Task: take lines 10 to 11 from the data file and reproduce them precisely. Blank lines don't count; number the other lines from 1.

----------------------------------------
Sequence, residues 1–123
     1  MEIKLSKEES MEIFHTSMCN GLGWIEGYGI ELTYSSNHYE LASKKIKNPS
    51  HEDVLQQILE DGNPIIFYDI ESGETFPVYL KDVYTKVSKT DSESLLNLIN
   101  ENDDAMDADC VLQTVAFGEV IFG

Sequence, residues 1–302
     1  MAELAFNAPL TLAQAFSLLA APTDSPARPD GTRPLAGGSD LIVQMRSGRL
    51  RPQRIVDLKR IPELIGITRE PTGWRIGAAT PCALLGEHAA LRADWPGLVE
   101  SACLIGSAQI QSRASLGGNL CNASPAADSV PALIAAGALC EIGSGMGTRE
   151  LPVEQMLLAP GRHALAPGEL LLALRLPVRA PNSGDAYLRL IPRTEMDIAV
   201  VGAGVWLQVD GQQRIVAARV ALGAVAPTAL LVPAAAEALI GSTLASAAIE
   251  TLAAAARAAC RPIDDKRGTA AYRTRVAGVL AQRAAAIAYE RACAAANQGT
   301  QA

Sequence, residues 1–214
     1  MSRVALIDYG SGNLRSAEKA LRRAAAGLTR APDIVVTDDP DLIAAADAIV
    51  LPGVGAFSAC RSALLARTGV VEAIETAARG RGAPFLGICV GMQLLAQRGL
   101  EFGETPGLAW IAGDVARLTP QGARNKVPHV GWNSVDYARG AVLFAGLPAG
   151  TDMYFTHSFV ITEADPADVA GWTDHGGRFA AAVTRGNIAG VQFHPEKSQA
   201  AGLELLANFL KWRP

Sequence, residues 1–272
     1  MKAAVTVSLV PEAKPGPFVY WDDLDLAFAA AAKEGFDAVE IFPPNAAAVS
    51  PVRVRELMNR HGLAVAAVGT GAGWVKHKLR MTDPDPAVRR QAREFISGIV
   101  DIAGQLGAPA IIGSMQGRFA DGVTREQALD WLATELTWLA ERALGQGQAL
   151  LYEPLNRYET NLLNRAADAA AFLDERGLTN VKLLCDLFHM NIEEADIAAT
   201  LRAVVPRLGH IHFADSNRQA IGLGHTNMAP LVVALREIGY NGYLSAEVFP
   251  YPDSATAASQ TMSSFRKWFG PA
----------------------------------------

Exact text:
   201  VGAGVWLQVD GQQRIVAARV ALGAVAPTAL LVPAAAEALI GSTLASAAIE
   251  TLAAAARAAC RPIDDKRGTA AYRTRVAGVL AQRAAAIAYE RACAAANQGT